There is a myth going around that only 34% of 18-24s voted in the Referendum.
This figure is being used by some Leave supporters to rebut the accusation that older people – who voted Leave disproportionately – ignored the wish of most young people to remain in the EU.
That figure is not true.
It is based on a misinterpretation of this SKY DATA Tweet:
% who got through our final #EUref poll turnout filter by age group:
— Sky Data (@SkyData) June 25, 2016
The 36% in this Tweet is the SKYDATA estimate for turnout of 18-24s in the 2015 election. It is NOT the turnout of young people in the Referendum.
Until now there have been no data for Referendum turnout by age. (though Ipsos Mori tell me they will publish it).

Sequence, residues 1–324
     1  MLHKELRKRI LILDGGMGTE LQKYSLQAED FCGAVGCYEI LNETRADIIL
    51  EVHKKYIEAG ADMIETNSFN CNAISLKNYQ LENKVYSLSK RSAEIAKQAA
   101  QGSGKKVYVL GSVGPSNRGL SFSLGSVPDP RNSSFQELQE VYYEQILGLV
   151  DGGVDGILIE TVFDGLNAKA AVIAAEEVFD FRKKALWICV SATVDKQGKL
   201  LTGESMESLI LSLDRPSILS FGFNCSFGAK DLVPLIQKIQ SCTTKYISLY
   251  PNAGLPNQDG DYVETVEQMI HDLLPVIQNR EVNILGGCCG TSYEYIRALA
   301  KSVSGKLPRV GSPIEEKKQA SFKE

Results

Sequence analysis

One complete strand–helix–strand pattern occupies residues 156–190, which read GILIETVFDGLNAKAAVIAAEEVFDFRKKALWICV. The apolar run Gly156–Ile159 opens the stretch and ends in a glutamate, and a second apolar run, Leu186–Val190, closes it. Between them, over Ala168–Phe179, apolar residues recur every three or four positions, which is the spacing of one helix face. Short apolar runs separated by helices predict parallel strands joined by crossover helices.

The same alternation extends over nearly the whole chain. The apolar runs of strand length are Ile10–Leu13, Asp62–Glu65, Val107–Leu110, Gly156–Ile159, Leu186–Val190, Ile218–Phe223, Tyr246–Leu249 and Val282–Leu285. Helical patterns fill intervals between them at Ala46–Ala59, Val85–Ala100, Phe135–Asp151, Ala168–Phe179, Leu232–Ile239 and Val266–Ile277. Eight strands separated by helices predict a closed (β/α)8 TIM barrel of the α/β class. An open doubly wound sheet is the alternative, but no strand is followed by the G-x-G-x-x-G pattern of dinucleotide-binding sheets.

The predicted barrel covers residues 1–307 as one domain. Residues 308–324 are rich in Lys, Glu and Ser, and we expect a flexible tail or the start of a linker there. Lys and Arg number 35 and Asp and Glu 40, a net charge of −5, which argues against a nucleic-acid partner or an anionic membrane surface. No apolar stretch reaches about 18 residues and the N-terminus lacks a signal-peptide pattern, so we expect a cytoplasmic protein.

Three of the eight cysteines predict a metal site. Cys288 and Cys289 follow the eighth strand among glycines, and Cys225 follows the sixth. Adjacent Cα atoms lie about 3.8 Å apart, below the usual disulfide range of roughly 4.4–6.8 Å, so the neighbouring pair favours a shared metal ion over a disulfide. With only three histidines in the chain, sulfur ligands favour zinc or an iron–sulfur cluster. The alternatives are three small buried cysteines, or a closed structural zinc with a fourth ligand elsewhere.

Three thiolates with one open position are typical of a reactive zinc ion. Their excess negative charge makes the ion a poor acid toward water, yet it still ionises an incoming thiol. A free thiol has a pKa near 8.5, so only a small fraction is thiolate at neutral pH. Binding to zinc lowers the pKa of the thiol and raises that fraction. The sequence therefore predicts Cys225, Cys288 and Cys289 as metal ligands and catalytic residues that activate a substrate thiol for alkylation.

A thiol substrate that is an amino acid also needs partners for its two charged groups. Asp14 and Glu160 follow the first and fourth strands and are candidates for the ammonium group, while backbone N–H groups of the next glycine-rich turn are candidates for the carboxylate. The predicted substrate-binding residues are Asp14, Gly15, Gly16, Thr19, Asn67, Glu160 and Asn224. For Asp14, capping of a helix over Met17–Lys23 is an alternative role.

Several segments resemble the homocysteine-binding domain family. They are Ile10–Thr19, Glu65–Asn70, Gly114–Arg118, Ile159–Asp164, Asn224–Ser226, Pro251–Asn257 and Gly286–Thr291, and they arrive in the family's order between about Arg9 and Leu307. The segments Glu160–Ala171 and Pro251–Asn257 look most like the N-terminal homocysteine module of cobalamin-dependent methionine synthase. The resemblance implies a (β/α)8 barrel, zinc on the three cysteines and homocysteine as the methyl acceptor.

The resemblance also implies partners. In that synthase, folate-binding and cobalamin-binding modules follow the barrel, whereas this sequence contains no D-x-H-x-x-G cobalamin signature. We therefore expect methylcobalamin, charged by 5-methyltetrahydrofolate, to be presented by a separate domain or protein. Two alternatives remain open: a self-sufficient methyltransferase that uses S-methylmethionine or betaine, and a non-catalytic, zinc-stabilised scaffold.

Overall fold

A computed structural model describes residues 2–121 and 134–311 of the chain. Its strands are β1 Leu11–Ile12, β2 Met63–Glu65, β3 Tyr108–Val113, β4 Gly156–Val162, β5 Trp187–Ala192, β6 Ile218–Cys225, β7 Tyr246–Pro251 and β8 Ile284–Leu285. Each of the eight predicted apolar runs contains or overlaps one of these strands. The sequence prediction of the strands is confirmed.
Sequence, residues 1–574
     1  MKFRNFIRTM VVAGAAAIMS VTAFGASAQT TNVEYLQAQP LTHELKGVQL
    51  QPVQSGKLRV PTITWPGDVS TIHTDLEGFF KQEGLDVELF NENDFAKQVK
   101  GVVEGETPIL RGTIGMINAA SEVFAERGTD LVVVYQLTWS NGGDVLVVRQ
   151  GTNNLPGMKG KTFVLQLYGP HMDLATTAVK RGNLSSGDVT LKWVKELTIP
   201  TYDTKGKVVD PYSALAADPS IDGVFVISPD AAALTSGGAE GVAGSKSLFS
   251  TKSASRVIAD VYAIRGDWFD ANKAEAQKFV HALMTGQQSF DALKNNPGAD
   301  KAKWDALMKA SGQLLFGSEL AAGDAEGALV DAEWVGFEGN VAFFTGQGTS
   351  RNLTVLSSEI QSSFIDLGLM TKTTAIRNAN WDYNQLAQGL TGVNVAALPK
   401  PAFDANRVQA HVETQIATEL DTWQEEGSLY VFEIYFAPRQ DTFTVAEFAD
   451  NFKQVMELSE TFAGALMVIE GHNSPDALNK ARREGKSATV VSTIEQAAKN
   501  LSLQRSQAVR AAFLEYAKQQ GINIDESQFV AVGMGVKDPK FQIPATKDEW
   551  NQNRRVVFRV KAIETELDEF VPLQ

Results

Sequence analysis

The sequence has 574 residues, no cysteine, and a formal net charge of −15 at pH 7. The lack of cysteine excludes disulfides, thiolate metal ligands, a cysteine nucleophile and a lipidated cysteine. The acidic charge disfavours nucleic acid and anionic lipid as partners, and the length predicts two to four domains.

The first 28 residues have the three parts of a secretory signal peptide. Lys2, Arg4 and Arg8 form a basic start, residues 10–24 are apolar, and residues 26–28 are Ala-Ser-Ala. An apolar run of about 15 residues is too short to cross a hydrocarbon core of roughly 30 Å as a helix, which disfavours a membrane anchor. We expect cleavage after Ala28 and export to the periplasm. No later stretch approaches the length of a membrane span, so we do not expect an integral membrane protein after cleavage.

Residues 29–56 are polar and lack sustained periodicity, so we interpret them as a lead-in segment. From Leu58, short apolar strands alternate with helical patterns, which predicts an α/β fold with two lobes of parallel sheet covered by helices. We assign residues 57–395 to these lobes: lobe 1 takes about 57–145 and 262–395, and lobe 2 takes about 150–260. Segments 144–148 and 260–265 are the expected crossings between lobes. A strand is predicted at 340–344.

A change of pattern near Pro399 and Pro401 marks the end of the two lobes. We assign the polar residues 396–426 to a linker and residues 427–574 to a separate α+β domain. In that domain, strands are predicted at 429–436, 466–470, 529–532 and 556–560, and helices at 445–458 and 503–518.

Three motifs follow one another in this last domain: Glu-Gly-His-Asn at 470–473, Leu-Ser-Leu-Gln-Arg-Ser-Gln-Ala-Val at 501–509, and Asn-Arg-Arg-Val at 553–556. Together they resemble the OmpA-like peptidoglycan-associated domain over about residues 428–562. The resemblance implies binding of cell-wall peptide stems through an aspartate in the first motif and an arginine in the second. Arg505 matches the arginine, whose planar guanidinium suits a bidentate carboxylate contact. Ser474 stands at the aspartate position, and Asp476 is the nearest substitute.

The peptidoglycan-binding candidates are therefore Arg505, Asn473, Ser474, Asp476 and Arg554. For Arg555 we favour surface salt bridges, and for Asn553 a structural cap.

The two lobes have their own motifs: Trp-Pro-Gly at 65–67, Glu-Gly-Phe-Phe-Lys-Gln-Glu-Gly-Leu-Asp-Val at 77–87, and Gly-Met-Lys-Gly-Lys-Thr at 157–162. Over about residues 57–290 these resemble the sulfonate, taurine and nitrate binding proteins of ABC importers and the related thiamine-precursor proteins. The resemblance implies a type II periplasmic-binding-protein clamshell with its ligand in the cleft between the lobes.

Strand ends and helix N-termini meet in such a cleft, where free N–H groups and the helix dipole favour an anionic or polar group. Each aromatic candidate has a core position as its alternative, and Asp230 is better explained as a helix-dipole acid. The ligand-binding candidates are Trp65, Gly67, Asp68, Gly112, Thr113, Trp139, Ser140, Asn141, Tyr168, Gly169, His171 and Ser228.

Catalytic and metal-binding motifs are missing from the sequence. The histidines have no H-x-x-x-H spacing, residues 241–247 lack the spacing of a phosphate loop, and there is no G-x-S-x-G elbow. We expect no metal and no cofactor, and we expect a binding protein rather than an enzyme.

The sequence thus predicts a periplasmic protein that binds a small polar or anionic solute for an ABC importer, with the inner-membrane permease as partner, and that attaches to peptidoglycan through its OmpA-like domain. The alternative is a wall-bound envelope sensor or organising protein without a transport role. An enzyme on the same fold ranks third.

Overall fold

However today I was alerted to this new poll:
The two LSE academics who commissioned the research (Professor Michael Bruter and Dr Sarah Harrison) suggest that turnout for 25- to 29-year-olds was around 67%.
“While the media wasted no time in criticising young people for their perceived lack of voting – some even going so far as to blame them – it seems that actually, they went above and beyond. ‘Young people cared and voted in very large numbers,’ Bruter and Harrison said. ‘We found turnout was very close to the national average, and much higher than in general and local elections.’ Considering over 70% of 18-24 year olds who did vote opted for Remain, it really does seem true that the older generation – who voted overwhelmingly to leave – have saddled them with a future of uncertainty.”